Council counts cost of binning garden uplifts

Galashiels Community Waste Recycling Centre & Easter Langlee Landfill Site.
Galashiels Community Waste Recycling Centre & Easter Langlee Landfill Site.

In the three months after garden waste collections were scrapped, the council had to fork out £128,000 in extra landfill costs.

Over the same quarter from April 1 to June 30, the volume of household waste recycled in the region fell from 44.4 per cent in the corresponding period of last year to just 34.5 per cent.

The amount of household waste going to landfill at Easter Langlee in Galashiels surged from 7,281 tonnes to 8,152 tonnes – an increase of 12 per cent.

And the landfilling cost to the local authority rocketed by 26.3 per cent – from £524,205 to £652,160.

In his performance report to Tuesday’s meeting of SBC’s executive, waste manager Ross Sharp-Dent candidly cited the “removal of the garden waste collection” as the reason for the negative trends, adding that Landfill Tax – levied by the Scottish Government – had gone up from £72 to £80 per tonne over the year.

Confirming “actions to improve or maintain performance”, he said a new community recycling centre in Kelso was due to open in the spring of 2015, while others would be upgraded. He flagged up the new integrated waste treatment facility at Easter Langlee – not due to open until at least 2017 – which, he said, would “capture recyclates previously destined for landfill”.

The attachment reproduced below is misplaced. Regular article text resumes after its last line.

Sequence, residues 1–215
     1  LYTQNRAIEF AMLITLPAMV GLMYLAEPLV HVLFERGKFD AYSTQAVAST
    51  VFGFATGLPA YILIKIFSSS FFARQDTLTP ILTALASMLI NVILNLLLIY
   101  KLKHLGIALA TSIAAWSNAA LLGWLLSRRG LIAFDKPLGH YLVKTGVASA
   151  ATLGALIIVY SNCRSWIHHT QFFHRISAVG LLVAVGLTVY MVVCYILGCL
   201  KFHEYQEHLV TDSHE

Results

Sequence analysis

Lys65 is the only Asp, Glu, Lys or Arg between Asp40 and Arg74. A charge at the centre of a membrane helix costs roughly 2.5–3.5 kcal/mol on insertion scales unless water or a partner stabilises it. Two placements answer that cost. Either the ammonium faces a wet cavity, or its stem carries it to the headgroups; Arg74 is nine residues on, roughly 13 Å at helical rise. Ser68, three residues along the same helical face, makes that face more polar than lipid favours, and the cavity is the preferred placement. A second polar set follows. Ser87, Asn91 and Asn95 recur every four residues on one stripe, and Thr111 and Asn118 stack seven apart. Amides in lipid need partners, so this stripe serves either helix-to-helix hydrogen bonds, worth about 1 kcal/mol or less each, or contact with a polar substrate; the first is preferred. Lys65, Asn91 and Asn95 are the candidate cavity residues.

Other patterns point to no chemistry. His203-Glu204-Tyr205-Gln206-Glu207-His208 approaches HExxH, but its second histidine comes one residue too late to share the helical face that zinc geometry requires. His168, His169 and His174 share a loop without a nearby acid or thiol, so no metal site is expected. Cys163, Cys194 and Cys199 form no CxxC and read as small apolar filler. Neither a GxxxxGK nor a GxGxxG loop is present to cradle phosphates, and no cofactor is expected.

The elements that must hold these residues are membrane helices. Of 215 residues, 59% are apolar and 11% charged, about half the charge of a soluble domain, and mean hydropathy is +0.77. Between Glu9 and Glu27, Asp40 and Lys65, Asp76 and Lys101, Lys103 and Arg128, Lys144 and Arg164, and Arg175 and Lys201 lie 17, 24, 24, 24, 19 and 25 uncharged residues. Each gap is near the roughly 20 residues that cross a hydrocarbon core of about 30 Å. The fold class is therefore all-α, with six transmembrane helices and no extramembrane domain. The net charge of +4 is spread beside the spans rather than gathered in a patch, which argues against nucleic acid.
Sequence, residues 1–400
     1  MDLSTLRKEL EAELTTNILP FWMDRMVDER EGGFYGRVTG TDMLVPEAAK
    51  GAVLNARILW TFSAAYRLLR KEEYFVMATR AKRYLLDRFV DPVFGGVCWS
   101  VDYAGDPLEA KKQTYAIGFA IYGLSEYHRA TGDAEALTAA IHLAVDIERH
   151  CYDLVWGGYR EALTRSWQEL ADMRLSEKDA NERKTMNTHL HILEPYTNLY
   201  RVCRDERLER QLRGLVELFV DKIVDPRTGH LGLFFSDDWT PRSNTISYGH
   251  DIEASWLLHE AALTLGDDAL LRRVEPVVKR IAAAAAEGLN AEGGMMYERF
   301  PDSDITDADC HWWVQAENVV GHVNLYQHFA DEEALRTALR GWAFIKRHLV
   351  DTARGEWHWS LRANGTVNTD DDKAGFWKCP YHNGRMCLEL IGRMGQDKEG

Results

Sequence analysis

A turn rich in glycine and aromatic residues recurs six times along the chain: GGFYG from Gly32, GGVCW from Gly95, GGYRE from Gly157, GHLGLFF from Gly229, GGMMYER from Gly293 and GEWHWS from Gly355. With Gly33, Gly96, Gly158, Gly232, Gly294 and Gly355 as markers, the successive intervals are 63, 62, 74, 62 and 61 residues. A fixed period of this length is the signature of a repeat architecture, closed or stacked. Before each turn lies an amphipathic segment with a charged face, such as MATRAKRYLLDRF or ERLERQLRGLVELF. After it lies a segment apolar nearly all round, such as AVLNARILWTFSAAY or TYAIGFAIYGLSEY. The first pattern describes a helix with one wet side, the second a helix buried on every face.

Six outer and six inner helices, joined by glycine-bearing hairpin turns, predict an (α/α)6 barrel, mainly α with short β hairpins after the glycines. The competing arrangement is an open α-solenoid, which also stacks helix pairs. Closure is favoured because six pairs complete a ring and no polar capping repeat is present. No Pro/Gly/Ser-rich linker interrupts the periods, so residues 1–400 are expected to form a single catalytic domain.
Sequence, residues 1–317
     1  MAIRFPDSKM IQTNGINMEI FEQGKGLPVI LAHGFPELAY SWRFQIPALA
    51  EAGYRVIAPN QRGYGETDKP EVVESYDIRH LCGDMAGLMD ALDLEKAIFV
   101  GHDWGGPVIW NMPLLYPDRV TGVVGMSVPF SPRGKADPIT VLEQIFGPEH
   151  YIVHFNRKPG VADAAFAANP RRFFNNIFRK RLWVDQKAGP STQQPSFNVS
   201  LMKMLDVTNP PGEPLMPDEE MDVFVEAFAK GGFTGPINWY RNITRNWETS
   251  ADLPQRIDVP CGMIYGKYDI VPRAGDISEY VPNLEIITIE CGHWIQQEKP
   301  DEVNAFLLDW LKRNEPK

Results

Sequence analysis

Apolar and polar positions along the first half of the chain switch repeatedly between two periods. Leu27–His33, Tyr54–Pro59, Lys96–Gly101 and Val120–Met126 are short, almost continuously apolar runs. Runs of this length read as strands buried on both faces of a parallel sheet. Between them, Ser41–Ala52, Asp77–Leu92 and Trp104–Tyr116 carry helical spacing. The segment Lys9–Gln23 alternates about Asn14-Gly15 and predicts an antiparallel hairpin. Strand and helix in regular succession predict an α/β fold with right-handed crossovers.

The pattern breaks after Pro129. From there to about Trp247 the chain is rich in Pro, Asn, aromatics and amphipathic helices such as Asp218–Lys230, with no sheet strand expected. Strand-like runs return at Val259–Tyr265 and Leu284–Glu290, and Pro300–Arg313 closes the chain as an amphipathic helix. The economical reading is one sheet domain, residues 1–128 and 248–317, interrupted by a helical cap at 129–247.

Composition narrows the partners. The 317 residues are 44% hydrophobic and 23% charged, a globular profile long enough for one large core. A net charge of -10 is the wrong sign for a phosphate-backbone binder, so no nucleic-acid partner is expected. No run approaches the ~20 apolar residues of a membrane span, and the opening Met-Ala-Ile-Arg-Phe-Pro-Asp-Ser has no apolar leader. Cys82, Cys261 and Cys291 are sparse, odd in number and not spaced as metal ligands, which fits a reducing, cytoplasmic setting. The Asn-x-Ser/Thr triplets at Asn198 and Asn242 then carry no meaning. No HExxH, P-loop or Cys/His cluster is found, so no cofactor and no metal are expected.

Mr Sharp-Dent also noted that overall recycling would increase and landfill dumping reduce when a statutory food waste collection service is introduced next summer for 24,000 households in Galashiels, Tweedbank, Selkirk, Jedburgh, Hawick and Peebles.

Unsurprisingly, the data was seized on by former Hawick councillor Andrew Farquhar who gathered an 8,000-signature petition demanding reinstatement of the green bin service.

His rearguard action was ultimately unsuccessful, with the council endorsing its decision to scrap the uplifts on October 30, albeit with an explicit expression of regret for the “inconvenience and disturbance” it had caused.

“To say the decision to scrap garden waste collections has been a false economy is an understatement, given the colossal extra costs incurred in just three months,” said Mr Farquhar. “Along with the embarrassing reduction in recycling, it is an outcome which everyone except the council could have predicted.

“I think the council has a problem with competency.”